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The lines are blurred in the immigration system

There’s a deep divide developing along these lines, and one that may prove difficult for the governments in Ottawa or Washington to deal with. After all, as we’ve seen recently in Assam, immigration-related policies cause serious schisms, and make for political capital that feeds in to vote banks.

columns Updated: Aug 03, 2018 19:35 IST
Asylum seekers walk along Roxham Road near Champlain, New York, making their way towards the Canada/US border. Many new immigrants are also activists for a freer and more mobile paradigm, pointing to the fact that blurred lines persist within immigrant communities, mirroring the borders they are for or against. (AFP)

This week, as is quickly becoming a regular feature in North America, a group of protestors gathered outside a City Hall to chant slogans against the flow of illegal immigrants across the border. This, however, wasn’t in the United States, but in the township of Markham, abutting Canada’s largest city, Toronto. The refrain was one that has been chorused in many cities in recent times. “Say No to Illegal Border Crossers” read one banner. However, before you think of White nativists, this was headlined in Ming Pao Daily News Toronto. And that was exactly the demographic of the protestors, as Chinese-origin crowds held signs like “Save Markham”.

Their objection was to a proposal to house some of those described with politically correct flourish as “irregular immigrants”, who have been pouring in to Canada, across its porous border with America, in the backwash of measures instituted by the Donald Trump administration. A tweet by Canadian Prime Minister Justin Trudeau in January 2017, hashtagged #WelcomeToCanada, counterpointing Trump’s restrictive policies, may have partly caused the influx.

But the Markham protest underscores a curious aspect of the anti-immigrant sentiment that has gripped much of North America. Newer immigrants cohorts are just as unwelcoming to those they consider interlopers. There are plenty of reasons for that stance, including the usual biases of race and religion. But there’s the underlying grouse against a system that appears to offer a free pass to those simply stepping over a border, as against those who have paid their dues and earned the points required for residency. This phenomenon could also have led to a higher percentage of Indian Americans, and even Hispanics, turning out for Trump in the 2016 Presidential election than they did for Mitt Romney, Barack Obama’s Republican challenger, in 2012.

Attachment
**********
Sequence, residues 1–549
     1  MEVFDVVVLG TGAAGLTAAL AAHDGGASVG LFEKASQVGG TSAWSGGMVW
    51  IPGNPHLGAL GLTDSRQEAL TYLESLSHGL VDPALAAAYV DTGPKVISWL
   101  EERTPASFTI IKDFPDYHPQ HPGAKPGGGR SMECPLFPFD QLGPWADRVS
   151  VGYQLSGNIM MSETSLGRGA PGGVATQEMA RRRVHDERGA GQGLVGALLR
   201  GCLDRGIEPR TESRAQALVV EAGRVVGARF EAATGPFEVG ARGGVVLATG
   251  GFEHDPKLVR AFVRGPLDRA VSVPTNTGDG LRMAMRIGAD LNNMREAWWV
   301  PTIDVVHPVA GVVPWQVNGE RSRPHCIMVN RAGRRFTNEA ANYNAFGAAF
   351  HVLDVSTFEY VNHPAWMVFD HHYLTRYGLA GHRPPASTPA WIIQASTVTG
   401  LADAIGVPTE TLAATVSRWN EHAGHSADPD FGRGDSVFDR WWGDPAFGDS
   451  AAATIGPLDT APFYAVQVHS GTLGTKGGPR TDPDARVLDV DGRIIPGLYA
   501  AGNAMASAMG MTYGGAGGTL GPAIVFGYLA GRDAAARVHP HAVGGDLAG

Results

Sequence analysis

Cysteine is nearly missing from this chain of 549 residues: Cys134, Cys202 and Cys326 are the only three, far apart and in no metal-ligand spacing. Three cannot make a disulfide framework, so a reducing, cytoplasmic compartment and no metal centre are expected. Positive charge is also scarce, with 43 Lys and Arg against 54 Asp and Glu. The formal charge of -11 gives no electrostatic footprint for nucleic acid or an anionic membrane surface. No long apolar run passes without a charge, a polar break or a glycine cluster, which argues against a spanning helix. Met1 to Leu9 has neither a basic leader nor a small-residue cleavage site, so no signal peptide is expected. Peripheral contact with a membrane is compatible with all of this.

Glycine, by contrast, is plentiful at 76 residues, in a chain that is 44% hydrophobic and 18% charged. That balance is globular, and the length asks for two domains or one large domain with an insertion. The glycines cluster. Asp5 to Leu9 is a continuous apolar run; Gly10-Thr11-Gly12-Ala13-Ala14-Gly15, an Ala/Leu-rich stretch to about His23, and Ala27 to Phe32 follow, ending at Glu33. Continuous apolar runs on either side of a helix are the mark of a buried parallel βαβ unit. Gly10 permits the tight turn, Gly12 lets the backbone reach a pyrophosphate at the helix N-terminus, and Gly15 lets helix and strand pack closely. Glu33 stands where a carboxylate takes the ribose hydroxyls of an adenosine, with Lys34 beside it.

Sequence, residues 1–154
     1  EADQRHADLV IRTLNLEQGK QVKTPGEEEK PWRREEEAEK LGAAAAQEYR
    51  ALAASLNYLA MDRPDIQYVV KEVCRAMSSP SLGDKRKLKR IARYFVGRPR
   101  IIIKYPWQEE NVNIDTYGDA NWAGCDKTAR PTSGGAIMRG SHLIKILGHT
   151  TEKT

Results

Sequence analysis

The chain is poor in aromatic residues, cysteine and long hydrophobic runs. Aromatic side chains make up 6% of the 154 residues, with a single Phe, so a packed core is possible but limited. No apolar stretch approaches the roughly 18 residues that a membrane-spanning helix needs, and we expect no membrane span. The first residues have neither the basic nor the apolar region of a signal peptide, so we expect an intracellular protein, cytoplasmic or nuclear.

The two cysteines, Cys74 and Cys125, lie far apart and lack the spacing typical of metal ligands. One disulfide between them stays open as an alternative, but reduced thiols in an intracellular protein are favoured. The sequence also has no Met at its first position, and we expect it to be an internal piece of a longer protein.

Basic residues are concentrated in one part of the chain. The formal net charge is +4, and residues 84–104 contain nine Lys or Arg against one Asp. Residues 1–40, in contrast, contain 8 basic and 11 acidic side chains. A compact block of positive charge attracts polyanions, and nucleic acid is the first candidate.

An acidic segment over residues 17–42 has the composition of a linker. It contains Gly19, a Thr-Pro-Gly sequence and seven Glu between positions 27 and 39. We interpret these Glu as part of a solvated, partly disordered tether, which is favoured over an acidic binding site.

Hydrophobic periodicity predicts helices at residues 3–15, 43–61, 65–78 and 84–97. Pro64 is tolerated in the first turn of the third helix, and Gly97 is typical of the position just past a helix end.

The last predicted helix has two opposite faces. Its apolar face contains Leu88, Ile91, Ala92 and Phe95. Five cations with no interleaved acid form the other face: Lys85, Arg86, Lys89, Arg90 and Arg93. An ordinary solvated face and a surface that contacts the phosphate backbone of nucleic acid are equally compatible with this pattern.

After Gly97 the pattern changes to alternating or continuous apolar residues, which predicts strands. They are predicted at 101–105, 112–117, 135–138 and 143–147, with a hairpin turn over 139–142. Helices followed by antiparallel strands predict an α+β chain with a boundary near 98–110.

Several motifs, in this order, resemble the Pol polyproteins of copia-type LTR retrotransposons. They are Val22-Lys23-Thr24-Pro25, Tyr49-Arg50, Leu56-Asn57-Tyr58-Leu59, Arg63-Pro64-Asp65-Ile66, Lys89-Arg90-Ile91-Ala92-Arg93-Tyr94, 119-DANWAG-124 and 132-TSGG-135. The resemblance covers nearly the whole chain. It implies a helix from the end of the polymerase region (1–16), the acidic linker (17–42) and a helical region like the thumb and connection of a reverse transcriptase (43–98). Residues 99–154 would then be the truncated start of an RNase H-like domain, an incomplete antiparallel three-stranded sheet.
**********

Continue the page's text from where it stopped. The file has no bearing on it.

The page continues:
That grudge is evident in the US. The immigration system, definitely broken, isn’t getting fixed as it’s held hostage by those lobbying for the undocumented to be regularised. In fact, some Indian-origin Americans have even been at the forefront of the attempt to alter the work visa regime, which they complain is being gamed by some Indian companies.

There’s a deep divide developing along these lines, and one that may prove difficult for the governments in Ottawa or Washington to deal with. After all, as we’ve seen recently in Assam, immigration-related policies cause serious schisms, and make for political capital that feeds in to vote banks.

But the Markham episode points to yet another facet of this dividing line. The anti-immigrant protestors were mostly older, and they were countered by a smaller group, including younger Chinese Canadians, evidencing the fact that those from the second and 1.5 (not born in but raised in the country) generations are often more liberal in this matter. Many new immigrants are also activists for a freer and more mobile paradigm, pointing to the fact that blurred lines persist within immigrant communities, mirroring the borders they are for or against.

Anirudh Bhattacharyya is a Toronto-based commentator on American affairs

The views expressed are personal

First Published: Aug 03, 2018 19:30 IST